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Stoke Newington: (Part 2) by David Claxton

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Today I’m going to talk about the reason that I moved here in the first place; the magnificent Clissold Park. Fifty six acres of glorious, sprawling communal space which is used by residents and visitors for a myriad of reasons all year round. Originally the playground of philanthropist and anti-slavery campaigner, Jonathan Hoare, the park has everything that anyone could need to pass an afternoon. Two lakes, tennis and basketball courts, running circuits, a bird and deer sanctuary, a children’s play area and a skate park. In the summer the park is dominated by picnickers and friendly gatherings on the green space, while the winter is perfect for a romantic walk with a loved one; our Ivar Parka jacket is more than warm enough to stand up to a harsh winter roam around its grounds.


Abney house, which sits in the centre of the park was once the house of Mr Hoare in the the later half of the 18th century, but is now, fortunately for us, the delightful Clissold Park Cafe (@clissold_park_cafe) with the best selection of cakes for every kind of sweet tooth. In the winter you can take a table out front of the old house and warm yourself with a hot chocolate whilst enjoying the view. One quick tip for the summer months is the now not so secret Romeo and Giulietta Gelateria. Less than half a mile from the park, this place makes ice cream like you’ve never tasted before. The two challenges that it puts forward are, which one of the incredible flavours to choose (I’d recommend their walnut and fig combo), and managing to get the thing back to the park to enjoy a nice walk without finishing it before you get there. The park grounds also have an aviary which is home to Lovebirds, Parakeets, Budgerigars and Zebra Finches. Next to them live too Billy Goats, one called Bob and one called Dylan (I wonder if the keepers are folk fans). The largest enclosure is home to seven Fallow Deer, one buck and six does. Deers and Clissold Park go way back and have been residents to the grounds since 1890, when the park first became a public space.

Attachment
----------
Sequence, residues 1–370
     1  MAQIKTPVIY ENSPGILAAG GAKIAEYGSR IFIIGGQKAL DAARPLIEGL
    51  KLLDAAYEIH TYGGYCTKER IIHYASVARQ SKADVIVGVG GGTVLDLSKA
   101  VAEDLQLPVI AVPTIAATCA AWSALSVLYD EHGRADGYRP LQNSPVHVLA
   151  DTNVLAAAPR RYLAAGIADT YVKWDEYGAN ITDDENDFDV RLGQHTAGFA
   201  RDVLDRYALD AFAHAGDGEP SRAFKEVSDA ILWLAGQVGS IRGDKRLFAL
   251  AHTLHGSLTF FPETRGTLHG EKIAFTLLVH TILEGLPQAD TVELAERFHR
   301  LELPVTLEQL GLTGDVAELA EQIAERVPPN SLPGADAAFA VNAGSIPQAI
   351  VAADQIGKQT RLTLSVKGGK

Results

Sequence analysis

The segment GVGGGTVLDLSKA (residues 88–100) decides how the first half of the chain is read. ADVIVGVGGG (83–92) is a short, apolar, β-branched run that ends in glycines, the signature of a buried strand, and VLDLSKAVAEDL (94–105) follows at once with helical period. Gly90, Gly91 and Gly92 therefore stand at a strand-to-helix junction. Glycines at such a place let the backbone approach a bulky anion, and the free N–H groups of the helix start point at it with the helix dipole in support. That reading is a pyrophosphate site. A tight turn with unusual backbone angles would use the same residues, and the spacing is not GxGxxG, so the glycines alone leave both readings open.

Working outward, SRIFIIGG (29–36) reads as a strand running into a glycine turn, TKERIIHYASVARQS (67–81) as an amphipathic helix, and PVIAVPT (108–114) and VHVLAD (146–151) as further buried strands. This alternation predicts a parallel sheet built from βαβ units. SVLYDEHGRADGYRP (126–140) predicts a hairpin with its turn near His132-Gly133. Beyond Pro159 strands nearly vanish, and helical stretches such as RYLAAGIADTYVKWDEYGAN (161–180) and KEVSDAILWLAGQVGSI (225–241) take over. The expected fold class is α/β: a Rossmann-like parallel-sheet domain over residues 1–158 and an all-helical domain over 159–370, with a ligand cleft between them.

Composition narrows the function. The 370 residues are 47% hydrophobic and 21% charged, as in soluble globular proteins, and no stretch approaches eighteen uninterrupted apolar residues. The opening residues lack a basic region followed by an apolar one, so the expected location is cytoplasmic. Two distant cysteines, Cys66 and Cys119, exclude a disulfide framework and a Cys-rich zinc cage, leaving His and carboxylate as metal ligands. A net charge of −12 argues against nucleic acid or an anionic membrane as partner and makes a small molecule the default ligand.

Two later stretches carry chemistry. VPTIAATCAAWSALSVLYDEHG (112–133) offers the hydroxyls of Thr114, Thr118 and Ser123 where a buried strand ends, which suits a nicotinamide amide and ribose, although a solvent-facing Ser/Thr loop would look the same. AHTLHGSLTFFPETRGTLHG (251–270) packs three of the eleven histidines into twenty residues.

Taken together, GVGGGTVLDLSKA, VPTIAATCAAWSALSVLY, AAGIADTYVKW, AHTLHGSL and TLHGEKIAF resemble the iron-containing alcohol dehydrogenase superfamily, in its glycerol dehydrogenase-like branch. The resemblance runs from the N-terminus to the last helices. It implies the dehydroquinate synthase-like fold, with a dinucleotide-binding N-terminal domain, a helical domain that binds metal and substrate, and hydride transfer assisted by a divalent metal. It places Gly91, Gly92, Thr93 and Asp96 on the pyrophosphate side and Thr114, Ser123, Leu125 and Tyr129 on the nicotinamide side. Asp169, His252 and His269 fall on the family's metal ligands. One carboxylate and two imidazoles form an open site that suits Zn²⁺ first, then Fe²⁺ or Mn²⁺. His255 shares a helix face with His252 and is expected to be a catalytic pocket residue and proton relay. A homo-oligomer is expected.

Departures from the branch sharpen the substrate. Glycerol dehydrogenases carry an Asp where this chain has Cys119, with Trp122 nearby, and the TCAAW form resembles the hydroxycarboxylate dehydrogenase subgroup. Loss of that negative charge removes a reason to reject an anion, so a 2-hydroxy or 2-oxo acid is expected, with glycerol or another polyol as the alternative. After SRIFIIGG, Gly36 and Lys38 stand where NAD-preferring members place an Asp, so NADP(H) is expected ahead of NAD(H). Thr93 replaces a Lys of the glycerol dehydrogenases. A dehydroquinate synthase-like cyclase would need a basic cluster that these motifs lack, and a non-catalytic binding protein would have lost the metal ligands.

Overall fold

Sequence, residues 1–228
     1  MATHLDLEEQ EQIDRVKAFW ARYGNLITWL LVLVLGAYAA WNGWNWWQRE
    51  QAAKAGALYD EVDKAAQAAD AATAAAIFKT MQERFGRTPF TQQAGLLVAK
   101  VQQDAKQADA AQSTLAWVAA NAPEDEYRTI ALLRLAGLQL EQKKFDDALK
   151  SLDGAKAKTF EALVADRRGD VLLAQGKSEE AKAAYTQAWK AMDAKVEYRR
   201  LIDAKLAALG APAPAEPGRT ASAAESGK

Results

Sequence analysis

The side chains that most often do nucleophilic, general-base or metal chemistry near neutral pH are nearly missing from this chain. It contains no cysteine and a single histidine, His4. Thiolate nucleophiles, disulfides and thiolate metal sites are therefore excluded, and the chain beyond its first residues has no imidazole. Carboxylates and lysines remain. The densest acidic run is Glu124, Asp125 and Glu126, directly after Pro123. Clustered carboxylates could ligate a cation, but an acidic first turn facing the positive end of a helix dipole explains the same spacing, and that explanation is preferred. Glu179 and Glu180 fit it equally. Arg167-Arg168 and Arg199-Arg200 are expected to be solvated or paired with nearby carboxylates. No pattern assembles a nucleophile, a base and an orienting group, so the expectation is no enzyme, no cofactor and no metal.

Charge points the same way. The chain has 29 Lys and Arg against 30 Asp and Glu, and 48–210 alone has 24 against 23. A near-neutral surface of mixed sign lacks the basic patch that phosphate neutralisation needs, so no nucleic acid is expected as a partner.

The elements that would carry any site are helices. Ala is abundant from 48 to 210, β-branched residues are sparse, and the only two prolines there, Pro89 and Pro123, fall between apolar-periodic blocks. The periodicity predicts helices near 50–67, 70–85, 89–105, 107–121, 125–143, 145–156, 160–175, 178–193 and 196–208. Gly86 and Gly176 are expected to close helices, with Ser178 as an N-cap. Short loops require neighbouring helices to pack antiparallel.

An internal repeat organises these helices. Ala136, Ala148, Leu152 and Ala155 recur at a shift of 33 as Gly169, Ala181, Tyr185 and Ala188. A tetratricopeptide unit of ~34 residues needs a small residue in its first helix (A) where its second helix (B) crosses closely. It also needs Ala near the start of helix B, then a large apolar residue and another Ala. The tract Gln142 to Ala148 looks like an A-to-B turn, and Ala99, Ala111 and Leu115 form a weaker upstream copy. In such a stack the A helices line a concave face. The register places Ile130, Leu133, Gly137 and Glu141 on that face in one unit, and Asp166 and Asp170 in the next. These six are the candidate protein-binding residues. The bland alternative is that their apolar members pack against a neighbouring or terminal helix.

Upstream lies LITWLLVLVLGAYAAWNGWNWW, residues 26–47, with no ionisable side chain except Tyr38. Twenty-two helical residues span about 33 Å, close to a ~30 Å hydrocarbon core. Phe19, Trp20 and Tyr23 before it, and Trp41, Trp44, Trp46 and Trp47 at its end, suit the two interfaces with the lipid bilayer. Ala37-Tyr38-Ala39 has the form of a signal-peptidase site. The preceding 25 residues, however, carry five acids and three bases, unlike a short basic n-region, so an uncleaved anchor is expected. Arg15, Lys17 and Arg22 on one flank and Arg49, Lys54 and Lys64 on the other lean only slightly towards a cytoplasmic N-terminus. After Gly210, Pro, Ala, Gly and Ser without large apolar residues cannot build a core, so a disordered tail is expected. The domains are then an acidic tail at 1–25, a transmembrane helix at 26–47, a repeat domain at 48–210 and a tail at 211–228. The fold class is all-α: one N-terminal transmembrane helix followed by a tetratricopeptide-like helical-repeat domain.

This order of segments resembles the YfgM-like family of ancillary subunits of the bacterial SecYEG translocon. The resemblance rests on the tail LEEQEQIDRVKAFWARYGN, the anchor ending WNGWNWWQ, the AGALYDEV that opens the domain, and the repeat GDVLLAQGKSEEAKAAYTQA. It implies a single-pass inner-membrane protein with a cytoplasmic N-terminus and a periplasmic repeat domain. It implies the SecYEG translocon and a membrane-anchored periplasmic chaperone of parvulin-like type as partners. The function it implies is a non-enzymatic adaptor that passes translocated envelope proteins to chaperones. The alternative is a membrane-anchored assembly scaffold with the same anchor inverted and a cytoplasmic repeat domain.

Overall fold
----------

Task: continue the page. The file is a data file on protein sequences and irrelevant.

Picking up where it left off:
From time to time I bump into some of our customers in the park and have a quick chat about the things they have bought or the weather. In fact, it’s quite difficult not to see someone you know or at least recognise from the community in the park, especially in the summer and especially when out running (which can be a little distracting!). At just about about one mile around its skirts, it is an ideal jogging circuit where I can easily track how far I have run or how far I am willing to go (depending on whether one of Stoke Newington’s many fine pubs got my custom the night before)! Which brings me nicely onto my next point...


Stoke Newington has pubs in abundance! So many that if you tried to go to them all in one week, you might just find yourself divorced. Needless to say, we al have something which a pub great to us. The atmosphere, the location, the food, the selection of craft ales on tap, the beer garden, whether they allow dogs, etc... The Archie Foalers have developed a few favourites to which we call in when a certain mood requires, and we would love to share them with you. For the atmosphere we love The Auld Shillelagh; just one minute towards the high street from the shop, this great little pub is always lively and a great place to have summer evening drink. Its narrow bar and busy atmosphere add to its cosy feel, and if you can make it to one of their live music nights, you won’t be sorry. For food we venture a little further down onto Barbauld Road. The Londsborough does the best roast in these parts but everybody knows it, so book ahead if you don’t want to be disappointed!  For a quieter, more relaxed vibe, we would definitely recommend The Prince of Wales on Kynaston Road. Spacious and warm, this pub is off the main road so is a little more of a well kept secret. Perfect spot for a date!



If pubs aren’t your thing then you will find solace in knowing that Stoke Newington has some of the best cafe’s in London, and right next to the Prince is a little place called Ester’s. A great place for an early morning catch up with an old friend or perhaps a birthday breakfast. Back up onto Church Street there is The Good Egg. Most people know the reputation that The Good Egg has for it’s food, and it gets rather busy at the weekends so be prepared to wait a bit for its Middle Eastern inspired menu.


Many places in London have been described as feeling like its own little village within a big city, and for me, that is exactly how Stoke Newington feels. There is a growing community of small businesses selling quality goods based around unique ideas and ideologies, and as a company who cares about the things that we make and their impact on the worlds condition, we feel right at home here in this warm and positive community. Not just for the pubs, the cafes, the parks but the people who inhabit them.



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